In an interview with mindbodygreen, Whole Foods Market founder John Mackey expressed his dislike for oil—coconut oil included. "The way I try to get people to understand oil is: What is sugar? You're taking a whole plant food, and you're taking only the carbohydrate out. Oil is the same thing—you're taking the whole plant food, and taking out just the fat," he said. "People are so willing to condemn sugar, but they don't condemn oil, which is pure fat. I'd actually argue that oil is less healthy than sugar. Neither of them has any nutrients in them—if you look at them they're devoid of minerals and phytonutrients. The oil has twice the calories of sugar, so you're getting twice the calories of sugar, with no nutrients or benefits."
Will Cole, a functional medicine practitioner, disagrees. "While going for whole foods is always a good rule to live by, healthy oils have a number of benefits. Coconut oil has beneficial MCT fats that our brains love, increasing cognitive function. Avocado oil is a good source of lutein, a carotenoid to make our eyes healthy. Extra-virgin olive oil is rich with polyphenols and fat-soluble vitamins E and K. Ghee is a great food source of fat-soluble A, D, and K2. These oils have been shown to decrease disease and improve lipid panels."
Dr. Sara Gottfried, a hormone specialist, somewhat agrees with Mackey. "Refined sugar has very different effects in the body compared with oil, particularly on the hormone insulin," she says. "If Mackey's subtext is that we choose to eat oil in a less processed state, such as eating the more oily foods like avocado, coconut, macadamia nuts, and olives, then I agree with only that part of his argument. I'm a whole foodist. I prefer to get my nutrients from the very nourishing foods that are simply prepared, i.e., minimize the processing including the extraction of oil." That said, she does think coconut oil is a health food—but only for some types of people.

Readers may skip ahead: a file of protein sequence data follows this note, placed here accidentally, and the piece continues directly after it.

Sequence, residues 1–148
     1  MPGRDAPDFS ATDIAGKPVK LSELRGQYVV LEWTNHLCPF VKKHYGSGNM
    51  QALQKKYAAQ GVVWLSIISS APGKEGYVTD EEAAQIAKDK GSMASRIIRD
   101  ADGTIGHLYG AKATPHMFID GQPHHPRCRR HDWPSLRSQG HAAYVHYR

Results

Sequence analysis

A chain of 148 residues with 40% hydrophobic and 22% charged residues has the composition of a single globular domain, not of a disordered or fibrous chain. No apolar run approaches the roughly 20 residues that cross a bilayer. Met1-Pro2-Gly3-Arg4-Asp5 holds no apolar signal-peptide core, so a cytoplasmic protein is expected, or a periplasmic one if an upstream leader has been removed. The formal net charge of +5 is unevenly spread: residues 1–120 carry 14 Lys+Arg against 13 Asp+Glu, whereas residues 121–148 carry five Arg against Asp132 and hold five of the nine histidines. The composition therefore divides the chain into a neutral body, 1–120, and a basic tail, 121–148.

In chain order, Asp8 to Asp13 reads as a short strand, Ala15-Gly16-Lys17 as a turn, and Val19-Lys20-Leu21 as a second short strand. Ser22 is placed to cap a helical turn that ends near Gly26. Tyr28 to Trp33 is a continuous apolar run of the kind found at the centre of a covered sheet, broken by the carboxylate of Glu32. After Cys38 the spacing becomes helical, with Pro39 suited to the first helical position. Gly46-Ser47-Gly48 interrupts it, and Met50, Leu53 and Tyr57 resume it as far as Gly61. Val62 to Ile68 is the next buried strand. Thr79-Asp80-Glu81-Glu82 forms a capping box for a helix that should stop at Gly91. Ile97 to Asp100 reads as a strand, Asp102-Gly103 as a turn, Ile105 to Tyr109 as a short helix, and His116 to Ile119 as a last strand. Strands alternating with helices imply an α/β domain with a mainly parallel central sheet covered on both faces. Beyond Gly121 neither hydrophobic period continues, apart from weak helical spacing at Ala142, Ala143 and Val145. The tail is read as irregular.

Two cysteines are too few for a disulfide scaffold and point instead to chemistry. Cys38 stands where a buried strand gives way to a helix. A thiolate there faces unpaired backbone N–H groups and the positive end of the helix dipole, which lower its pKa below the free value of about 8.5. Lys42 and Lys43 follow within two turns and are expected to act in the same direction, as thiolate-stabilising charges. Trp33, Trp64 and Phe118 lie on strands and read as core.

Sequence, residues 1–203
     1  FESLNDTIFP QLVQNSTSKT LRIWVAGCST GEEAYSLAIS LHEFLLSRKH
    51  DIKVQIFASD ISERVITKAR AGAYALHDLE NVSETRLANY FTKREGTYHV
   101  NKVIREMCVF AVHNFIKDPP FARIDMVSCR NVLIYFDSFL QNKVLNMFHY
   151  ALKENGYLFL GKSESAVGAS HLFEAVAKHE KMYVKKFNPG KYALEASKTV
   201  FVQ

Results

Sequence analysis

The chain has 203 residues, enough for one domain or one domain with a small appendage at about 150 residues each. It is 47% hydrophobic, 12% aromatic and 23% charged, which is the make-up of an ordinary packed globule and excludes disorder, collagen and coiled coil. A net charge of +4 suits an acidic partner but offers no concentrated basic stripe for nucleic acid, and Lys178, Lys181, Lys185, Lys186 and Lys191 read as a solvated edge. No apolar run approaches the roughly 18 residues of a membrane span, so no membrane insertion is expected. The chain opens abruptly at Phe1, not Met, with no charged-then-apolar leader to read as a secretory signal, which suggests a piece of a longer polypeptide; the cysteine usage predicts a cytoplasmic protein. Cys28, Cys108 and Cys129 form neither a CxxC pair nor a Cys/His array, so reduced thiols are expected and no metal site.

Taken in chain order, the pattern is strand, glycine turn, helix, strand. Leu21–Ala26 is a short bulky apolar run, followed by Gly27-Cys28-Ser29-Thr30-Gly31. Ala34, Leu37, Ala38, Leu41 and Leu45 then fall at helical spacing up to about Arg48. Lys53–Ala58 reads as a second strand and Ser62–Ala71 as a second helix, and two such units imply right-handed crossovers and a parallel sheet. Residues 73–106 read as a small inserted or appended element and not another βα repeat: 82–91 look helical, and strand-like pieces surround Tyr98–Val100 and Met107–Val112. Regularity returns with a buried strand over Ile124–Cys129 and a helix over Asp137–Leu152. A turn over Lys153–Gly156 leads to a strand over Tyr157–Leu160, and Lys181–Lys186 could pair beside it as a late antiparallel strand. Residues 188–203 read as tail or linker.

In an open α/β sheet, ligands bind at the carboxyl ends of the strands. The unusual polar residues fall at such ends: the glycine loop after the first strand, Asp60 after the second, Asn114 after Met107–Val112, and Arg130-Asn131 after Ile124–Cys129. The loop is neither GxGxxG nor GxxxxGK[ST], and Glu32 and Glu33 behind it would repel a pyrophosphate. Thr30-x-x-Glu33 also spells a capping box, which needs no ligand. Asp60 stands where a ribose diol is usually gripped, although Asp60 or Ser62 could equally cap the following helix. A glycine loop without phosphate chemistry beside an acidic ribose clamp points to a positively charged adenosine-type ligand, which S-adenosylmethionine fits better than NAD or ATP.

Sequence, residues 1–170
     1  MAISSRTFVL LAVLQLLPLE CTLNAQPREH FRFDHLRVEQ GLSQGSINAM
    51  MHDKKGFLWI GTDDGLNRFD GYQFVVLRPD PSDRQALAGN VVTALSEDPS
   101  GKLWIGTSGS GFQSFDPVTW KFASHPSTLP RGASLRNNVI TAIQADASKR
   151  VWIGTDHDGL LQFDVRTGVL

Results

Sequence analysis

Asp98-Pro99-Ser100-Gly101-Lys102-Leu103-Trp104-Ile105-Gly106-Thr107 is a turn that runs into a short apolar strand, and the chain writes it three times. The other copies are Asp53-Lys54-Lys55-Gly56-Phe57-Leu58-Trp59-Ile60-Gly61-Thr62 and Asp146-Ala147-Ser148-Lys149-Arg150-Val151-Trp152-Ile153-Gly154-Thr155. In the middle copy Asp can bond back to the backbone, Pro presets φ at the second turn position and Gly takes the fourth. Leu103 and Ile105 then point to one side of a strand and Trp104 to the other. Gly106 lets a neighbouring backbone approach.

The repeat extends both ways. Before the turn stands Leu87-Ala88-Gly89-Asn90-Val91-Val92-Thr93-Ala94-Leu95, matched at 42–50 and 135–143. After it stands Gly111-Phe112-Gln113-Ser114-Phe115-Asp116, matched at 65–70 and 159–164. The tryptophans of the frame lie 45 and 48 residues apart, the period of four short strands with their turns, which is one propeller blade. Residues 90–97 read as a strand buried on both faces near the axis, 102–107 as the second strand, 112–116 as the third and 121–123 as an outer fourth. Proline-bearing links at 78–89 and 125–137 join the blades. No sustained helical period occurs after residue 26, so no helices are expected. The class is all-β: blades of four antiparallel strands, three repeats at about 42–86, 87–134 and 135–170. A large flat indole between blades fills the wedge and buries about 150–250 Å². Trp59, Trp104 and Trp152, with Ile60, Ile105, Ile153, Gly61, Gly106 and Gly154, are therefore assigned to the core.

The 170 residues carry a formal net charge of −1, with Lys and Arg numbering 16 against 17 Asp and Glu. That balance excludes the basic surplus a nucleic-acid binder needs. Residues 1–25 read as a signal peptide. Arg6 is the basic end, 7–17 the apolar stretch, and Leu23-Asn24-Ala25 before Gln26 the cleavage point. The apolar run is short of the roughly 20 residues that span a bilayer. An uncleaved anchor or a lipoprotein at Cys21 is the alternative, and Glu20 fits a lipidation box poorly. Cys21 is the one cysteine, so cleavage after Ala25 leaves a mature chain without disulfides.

"I think coconut oil is a health food for some people with particular genes," she explains. "For instance, if you have the ApoE4 gene, the gene that confers an increased risk of Alzheimer's and heart disease, it may not be the best idea to be adding tablespoon after tablespoon to your latte."
According to Bulletproof diet founder (and good fat-advocate) Dave Asprey, there's one situation you in which should definitely avoid coconut oil. "If you're not eating your vegetables," he says, "coconut oil is bad for you. Coconut oil will escort the bad parts of your gut bacteria into your bloodstream. A tablespoon or two of coconut oil is great—if you eat it with a ton of veggies, you're fine. But if you eat it with whole grains, or sugar, it's likely to have negative effects on your body."